hislizzy hislizzy 7 years
I agree with Jereldan. Personal responsibility should be encouraged whenever possible. Hormonal birth control is also a controversial health issue -- something I am surprised this article did not mention. Women who use it are more like to develop breast cancer, have a stroke or heart problems, and suffer from infertility once they come off it. There's no free lunch, ladies. Consider also: the more women use hormonal birth control, the more related health problems are likely to develop, which puts more strain on the system and ultimately on everyone's pocket. I live in Italy where they have socialized medicine, and I can tell you that it is no picnic paying the taxes we do here. I will be responsible for myself, thank you very much. But I don't want to pay for other women's fertility decisions.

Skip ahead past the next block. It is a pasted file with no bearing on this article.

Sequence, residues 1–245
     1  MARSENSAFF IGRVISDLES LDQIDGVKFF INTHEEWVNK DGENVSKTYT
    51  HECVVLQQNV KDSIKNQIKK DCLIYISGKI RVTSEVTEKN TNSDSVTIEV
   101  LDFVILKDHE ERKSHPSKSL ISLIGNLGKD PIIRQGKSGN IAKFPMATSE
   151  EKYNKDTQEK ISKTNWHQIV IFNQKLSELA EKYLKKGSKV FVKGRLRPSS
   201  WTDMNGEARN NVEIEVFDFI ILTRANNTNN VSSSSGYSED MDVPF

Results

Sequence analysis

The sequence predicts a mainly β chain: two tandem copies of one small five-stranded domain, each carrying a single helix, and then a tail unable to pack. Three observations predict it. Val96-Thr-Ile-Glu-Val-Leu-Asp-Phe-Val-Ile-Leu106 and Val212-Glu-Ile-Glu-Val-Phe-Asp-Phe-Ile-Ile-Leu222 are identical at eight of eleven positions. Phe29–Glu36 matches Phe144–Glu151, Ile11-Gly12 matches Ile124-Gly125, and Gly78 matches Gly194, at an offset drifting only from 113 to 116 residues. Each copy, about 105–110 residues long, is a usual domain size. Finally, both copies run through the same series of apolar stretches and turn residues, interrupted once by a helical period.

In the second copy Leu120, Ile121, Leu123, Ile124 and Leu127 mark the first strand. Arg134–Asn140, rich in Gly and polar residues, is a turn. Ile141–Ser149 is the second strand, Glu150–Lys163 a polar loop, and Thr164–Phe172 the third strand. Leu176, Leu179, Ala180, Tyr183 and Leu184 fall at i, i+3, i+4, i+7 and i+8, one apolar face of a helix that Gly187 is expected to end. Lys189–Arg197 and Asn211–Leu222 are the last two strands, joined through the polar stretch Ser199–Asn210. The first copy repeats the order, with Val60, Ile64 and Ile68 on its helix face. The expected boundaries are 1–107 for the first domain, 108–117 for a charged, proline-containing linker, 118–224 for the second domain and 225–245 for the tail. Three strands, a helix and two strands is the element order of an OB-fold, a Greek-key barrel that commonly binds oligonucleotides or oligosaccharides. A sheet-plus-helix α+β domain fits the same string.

itsallabouttheg itsallabouttheg 7 years
i'm undecided. like chloe bella said, the cost would most likely be passed along in some other way. plus, to me it seems like it could be argued that all forms of contraception and/or std protection should then be covered as well in the name of "prevention."
dantea dantea 7 years
Dear GOD yes. If insurance covers frivolous crap like Viagra, it should cover birth control. For people with low income, it is nearly inaccessible.
onlysourcherry onlysourcherry 7 years
Hm... it would seem to make financial sense for the insurance companies to cover this, no? Contraception would be much less expensive than the coverage needs of a pregnant woman. All that said, with the pill as cheap as $5 a month for some prescriptions I don't understand why this is a problem.
le-romantique le-romantique 7 years
I believe so, mainly for the fact that I have been on it since I was 16 due to endometriosis, and not for the purpose of preventing pregnancy. I'm actually a virgin.
chloe-bella chloe-bella 7 years
I put "undecided." The money to cover it has to come from somewhere, meaning that the choice would be to either pay a deductible out of pocket or pay for it in the form of higher premiums and/or cut backs to other covered services. Right now, I pay a $12 deductible, and I'm fine with that.